Do you remember your elementary and middle school “projects”? Mine were things like dioramas illustrating some scene from literature or perhaps a scrapbook filled with cut out and glued in pieces of information. High grades for these projects went to the students who made the neatest, most decorative products. These projects were made at home with significant parent input. I never remember having any choice about the topic or the format of the project. They were assigned, or we picked the topic out of a bowl. These projects were often of limited value in the overall scheme of classroom work. They were “add-ons” to make learning a little less tedious.
“Projects” generally hold different meaning at our school. Our projects are connected to enduring understandings in every unit taught. They are real (authentic, in education jargon) – they have an application in the world or they simulate a real-world issue. They often include a public presentation where the student assessment includes an awareness of how to address different audiences. Most important, because they are authentic, our projects are very engaging. Children look forward to learning this way – and their learning is prodigious because of the high level of engagement.
I want to shout out three projects from this week that illustrate the Wornick way of doing projects – Hour of Code; Robotics; JCAT. About an hour ago, I completed my hour of code. By the end of the week, all of our students (kindergarten through 8th grade) and many of our staff will have done the same thing. Our school is part of a national effort (Hour of Code) introducing millions of children and teachers to computer coding. A couple of our sixth graders have taken the initiative to create a website to explain coding to their peers. Our students and staff understand the power of technology – they are becoming more than consumers of technology. They are the creators of it and they are developing a deep appreciation of this creative process.
Another exciting development in project-based learning is our fifth graders dive into an authentic robotics experience. We have partnered with a local technology company working on wireless devices, and our students will be programming devices and trying out different applications of these devices. In time, they will be able to think of creative applications of this technology. This is programming and robotics with real world application.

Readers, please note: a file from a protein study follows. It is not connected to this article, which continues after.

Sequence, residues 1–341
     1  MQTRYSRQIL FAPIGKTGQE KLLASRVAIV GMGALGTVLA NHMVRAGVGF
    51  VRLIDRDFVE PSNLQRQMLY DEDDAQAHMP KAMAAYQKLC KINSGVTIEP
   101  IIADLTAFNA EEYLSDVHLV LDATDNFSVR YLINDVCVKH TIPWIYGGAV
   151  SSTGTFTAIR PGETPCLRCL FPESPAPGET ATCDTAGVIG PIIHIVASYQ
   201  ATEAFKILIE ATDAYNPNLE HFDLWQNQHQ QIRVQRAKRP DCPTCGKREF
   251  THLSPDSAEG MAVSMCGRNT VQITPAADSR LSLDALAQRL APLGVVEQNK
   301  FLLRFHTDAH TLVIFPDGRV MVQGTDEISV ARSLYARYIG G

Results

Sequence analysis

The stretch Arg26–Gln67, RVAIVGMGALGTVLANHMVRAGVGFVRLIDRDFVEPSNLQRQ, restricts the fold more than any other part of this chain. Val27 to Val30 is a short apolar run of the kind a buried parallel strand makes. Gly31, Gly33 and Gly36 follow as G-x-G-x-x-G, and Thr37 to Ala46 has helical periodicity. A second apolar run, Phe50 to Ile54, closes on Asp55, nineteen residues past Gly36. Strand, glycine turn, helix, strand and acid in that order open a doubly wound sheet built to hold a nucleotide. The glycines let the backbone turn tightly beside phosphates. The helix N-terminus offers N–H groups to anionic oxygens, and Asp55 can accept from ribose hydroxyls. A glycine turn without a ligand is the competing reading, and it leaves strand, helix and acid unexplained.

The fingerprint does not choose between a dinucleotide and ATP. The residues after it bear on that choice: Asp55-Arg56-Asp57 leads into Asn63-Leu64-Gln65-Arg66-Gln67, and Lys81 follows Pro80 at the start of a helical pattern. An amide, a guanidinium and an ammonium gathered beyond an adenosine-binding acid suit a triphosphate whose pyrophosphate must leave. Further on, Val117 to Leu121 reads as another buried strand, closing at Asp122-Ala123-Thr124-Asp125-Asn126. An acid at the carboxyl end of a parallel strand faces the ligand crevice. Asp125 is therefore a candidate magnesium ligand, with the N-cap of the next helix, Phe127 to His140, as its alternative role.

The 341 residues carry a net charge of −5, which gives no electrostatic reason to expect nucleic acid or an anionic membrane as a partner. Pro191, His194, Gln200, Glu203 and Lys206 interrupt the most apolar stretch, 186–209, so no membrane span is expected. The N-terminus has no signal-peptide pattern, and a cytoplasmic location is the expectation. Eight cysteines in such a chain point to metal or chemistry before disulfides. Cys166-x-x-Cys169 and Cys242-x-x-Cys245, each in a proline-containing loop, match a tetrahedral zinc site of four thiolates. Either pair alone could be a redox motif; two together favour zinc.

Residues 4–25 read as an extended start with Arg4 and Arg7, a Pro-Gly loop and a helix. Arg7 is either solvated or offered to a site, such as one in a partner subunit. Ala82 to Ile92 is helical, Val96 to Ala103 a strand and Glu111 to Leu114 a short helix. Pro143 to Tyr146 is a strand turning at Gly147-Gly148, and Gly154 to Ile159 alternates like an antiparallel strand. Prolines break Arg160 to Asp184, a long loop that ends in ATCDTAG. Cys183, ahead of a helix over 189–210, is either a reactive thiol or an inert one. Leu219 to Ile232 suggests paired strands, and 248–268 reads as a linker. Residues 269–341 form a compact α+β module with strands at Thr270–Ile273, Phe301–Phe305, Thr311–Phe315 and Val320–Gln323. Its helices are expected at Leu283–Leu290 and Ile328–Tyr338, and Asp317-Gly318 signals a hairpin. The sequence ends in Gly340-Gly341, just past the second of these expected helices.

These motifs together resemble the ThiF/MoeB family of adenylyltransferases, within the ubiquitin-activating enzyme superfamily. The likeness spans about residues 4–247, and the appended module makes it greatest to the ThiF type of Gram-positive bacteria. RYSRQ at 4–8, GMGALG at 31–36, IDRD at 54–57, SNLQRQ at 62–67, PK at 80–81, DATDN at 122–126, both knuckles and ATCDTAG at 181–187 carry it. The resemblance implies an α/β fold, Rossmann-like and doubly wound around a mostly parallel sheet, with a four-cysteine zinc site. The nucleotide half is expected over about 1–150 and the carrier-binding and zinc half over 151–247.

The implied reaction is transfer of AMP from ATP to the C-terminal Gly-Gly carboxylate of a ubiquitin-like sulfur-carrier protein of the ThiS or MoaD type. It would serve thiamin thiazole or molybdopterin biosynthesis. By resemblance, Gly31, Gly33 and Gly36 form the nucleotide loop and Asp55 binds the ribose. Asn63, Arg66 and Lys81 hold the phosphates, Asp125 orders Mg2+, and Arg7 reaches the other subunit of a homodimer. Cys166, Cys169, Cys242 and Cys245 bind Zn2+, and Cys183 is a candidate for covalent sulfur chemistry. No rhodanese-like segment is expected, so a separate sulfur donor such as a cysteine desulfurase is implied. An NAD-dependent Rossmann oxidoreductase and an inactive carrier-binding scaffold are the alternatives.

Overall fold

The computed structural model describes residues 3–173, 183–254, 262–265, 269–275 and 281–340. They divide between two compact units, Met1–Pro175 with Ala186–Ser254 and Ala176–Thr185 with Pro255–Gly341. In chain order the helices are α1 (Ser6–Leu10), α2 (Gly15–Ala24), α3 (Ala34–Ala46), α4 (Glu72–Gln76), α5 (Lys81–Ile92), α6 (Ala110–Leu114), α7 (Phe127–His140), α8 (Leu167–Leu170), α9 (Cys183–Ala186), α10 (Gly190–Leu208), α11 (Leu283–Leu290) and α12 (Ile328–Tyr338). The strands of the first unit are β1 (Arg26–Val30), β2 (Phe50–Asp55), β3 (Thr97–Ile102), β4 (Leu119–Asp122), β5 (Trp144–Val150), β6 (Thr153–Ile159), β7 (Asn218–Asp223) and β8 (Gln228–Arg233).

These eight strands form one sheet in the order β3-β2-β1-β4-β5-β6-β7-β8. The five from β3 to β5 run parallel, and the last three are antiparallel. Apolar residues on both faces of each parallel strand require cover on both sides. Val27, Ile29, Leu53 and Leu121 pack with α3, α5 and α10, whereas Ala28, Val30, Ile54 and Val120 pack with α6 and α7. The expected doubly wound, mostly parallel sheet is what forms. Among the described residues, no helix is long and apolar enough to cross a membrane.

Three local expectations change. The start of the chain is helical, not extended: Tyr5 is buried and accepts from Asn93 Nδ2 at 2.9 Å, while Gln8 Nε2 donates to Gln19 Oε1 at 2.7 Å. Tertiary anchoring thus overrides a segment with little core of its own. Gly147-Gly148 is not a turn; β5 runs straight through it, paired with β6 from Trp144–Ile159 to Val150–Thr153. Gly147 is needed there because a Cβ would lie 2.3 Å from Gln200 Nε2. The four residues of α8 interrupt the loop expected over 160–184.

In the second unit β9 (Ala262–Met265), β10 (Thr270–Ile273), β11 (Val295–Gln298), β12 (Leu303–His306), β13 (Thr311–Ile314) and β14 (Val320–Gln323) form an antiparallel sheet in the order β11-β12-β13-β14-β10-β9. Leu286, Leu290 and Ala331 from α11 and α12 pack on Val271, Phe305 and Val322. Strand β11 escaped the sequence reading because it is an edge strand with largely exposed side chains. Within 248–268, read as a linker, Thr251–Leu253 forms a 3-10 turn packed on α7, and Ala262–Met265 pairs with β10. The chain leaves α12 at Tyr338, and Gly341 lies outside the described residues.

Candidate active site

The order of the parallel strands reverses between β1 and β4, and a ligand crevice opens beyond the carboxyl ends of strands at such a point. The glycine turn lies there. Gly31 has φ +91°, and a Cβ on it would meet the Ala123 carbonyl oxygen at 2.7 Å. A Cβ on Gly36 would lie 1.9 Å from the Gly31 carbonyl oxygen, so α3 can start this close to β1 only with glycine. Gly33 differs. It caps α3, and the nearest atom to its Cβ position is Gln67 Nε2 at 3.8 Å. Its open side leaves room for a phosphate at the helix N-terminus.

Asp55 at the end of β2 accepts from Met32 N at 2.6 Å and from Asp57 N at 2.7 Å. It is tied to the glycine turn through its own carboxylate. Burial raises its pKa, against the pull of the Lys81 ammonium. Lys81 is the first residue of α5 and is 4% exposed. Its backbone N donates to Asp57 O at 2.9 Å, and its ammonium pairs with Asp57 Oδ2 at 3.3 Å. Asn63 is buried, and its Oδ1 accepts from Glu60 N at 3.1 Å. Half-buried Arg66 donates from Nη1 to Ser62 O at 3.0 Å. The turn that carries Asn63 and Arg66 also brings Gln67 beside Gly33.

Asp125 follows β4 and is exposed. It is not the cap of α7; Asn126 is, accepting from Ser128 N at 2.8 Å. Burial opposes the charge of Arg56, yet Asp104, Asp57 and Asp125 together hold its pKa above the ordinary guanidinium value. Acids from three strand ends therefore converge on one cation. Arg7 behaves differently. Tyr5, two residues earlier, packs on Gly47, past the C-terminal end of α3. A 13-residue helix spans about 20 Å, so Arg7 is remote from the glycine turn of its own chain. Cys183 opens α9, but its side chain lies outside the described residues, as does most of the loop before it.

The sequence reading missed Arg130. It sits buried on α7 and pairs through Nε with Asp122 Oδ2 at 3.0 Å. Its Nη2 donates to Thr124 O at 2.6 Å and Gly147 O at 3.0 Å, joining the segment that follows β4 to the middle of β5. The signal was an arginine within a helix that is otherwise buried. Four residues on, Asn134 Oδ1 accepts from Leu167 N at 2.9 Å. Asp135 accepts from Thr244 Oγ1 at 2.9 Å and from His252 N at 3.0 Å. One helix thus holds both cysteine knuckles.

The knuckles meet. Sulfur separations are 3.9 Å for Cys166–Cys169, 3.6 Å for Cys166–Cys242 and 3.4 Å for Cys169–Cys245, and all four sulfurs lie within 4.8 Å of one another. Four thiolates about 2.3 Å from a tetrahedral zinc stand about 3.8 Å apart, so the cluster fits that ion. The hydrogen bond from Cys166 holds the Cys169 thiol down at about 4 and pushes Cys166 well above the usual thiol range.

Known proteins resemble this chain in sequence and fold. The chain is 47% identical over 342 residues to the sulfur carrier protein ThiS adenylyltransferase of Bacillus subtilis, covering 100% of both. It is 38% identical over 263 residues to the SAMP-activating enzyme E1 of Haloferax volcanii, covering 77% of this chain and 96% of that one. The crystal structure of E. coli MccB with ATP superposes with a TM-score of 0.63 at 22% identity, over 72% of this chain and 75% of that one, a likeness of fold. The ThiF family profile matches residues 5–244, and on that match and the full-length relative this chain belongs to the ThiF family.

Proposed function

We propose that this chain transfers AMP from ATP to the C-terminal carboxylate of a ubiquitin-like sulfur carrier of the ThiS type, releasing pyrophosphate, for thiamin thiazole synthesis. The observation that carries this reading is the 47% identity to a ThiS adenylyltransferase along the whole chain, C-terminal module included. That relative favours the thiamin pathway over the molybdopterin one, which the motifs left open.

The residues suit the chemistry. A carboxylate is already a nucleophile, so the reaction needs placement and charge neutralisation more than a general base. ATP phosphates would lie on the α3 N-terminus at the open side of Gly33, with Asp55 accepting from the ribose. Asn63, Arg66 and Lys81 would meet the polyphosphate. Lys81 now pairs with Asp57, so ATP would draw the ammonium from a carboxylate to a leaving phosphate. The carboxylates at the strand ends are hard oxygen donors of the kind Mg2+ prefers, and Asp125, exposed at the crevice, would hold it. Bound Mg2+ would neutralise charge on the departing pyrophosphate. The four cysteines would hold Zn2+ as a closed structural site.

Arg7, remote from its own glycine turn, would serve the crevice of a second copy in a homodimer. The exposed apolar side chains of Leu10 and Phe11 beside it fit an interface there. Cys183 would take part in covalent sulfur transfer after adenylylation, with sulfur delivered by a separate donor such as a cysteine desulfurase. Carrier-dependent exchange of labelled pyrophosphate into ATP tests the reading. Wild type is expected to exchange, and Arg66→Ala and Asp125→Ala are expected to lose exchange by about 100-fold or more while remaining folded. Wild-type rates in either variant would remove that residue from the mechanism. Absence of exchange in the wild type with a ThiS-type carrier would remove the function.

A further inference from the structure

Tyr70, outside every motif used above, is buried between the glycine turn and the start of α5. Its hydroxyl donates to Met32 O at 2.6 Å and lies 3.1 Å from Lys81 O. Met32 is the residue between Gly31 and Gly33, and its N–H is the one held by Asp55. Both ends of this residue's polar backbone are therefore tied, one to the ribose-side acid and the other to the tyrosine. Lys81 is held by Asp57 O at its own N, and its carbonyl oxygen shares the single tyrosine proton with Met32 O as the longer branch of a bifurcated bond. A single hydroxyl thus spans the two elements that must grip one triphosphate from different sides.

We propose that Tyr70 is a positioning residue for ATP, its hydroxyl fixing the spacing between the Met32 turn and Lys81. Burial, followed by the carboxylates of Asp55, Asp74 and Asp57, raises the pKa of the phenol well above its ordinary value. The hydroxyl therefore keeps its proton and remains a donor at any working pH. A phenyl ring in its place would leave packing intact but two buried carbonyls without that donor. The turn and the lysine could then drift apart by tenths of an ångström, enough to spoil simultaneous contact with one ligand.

Finally, this is our second year participating in the national sixth grade JCAT (Jewish Court of all Time) project with ten other Jewish Day Schools in the United States. During this project, the students enter into a virtual world where they engage in real political challenges around an ethical dilemma. The sixth graders each selected a character from history. They researched their character and their character became their on-line avatar in a closed system for all of the participants. The students were then given an ethical dilemma. They considered the dilemma from their character’s perspective. Finally, the group nominated justices who provided rulings on the case.
The case this year concerned a family of Sudanese refugees who had fled to Israel and wanted asylum there. The case continued routinely, with evidence and testimony presented and analyzed. In character, the students discussed the different testimony. Justices were chosen to make the final decision: should the family be granted asylum in Israel, or would they be kicked out and sent back to Sudan.
A little before Thanksgiving, several "characters" (including Helen Keller, Nelson Mandela, and Golda Meir) created a movement called FRASH (Find Refugees A Safe Home) through which they withheld their Votes of Confidence (which enable justices to rule) to force the Court to send the refugee family to a safe home – outside of Israel. Then several separate groups, including "Go Guam" and "Together" emerged, as well as many characters advocating to return to the existing justice system. It was madness for about 10 days. For the staff, this was exciting to see the students disrupt this system in this way.
Ultimately, the Chief Magistrate Elana Kagan met with President Barack Obama (played by one of our students). They reached a compromise: the justices would compel Israel to give the refugee family a pardon and they would be resettled safely in the US. The case is now closed. But the student learning is not closed – they are still processing the entire experience.
I am so proud of our students and staff who are leading the way in technology education. We will be hosting a JEDcamp in May – an innovative professional development day for educators in the bay area. We are now in conversation with the national day school network (RAVSAK) about developing a similar sort of conference for day school students. We are on an incredible learning journey, and the excitement is palpable throughout the school. Help us spread the word that R.C. Wornick is the “place to be.”